With scholarship and enterprise

Pakistan's production of books is tied to educational publishing, but the future beckons.

Any account of the history of publishing in Pakistan should, in all fairness, start with Lahore, the publishing centre for British India. Under the British, most publishing was in the hands of Hindu publishers. With Partition, most Hindu publishers migrated to India, leaving a nearly complete vacuum in the publishing industry of the newly founded Pakistan, which the Muslim publishers in Lahore tried to fill. What success they achieved was due mainly to the fact that, from 1947 to 1962, the government of Pakistan followed British India's policy of allowing private-sector publishers to produce textbooks for government schools. This work subsequently formed the bulk of the publications in Pakistan, and provided the bread and butter for its nascent publishing industry.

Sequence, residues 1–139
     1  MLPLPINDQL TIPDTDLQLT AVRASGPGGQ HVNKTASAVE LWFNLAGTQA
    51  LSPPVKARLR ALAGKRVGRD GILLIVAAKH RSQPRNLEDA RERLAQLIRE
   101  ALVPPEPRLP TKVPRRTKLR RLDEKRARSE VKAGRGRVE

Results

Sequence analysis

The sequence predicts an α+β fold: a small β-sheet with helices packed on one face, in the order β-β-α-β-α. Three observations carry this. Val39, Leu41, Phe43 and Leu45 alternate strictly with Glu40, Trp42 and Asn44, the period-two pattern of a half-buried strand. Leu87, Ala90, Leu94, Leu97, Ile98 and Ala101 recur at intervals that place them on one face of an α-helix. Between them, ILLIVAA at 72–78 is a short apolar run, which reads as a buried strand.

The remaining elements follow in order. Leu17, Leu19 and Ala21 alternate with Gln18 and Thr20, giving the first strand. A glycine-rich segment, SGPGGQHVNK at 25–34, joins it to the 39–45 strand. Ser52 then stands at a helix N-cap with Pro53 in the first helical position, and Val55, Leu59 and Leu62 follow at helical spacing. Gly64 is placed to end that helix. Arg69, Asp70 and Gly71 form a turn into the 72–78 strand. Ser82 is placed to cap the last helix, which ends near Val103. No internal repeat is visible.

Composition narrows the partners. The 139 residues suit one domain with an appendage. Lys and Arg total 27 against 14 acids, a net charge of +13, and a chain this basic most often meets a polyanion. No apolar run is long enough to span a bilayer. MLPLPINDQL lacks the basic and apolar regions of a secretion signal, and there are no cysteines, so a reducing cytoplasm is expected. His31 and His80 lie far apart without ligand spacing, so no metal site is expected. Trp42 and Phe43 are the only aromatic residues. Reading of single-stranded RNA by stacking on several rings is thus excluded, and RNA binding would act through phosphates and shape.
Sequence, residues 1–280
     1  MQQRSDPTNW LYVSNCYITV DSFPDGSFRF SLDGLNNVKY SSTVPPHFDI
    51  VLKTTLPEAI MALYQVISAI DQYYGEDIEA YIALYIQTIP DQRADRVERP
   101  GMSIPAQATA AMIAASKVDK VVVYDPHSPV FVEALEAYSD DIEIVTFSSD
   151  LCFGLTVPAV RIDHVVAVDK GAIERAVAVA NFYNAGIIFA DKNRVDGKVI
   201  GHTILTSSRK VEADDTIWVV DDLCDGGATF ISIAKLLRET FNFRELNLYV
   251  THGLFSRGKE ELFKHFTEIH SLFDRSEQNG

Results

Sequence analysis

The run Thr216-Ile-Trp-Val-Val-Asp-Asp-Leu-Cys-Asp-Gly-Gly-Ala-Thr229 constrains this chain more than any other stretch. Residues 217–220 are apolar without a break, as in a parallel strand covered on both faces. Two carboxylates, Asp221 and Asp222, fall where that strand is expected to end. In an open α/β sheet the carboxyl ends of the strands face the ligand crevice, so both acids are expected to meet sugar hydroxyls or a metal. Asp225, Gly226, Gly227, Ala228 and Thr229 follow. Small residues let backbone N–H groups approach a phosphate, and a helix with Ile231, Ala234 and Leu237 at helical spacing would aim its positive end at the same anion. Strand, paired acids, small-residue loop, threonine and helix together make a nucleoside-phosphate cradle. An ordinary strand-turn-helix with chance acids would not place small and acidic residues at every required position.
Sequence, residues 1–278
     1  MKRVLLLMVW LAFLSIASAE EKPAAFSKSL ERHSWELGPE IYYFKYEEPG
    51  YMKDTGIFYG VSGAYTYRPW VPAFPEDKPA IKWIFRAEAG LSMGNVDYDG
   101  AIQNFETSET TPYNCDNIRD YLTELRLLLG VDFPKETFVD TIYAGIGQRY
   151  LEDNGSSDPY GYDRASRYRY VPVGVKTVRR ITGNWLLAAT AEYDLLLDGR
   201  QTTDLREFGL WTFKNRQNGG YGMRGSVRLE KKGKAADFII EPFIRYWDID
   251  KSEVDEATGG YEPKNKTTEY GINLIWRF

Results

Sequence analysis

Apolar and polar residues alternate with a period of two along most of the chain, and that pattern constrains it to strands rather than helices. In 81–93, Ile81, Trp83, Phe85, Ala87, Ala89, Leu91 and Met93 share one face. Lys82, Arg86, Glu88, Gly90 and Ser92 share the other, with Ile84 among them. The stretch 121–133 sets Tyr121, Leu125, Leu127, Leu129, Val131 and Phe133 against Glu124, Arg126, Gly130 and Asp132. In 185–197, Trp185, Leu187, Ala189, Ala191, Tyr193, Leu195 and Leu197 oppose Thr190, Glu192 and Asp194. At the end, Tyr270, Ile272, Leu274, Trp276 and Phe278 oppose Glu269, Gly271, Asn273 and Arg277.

Slowly, publishers such as Sheikh Muhammad Ashraf, Sheikh Ghulam Ali & Sons, Qaumi Qutb Khana and Ferozsons of Lahore, along with Urdu Academy Sindh and Shaikh Shaukat Ali of Karachi, began to make headway in identifying and developing local authors. However, this advantageous position changed shortly after the onset of General Ayub Khan's martial-law rule, in 1958. Instead of allowing multiple private publishers to compete in the textbook market, the public sector was granted the exclusive right to publish all textbooks for state schools from classes 1 to 12, which were to be prescribed by a single textbook board, created in 1962. This board was later divided into five bodies, one for each province.

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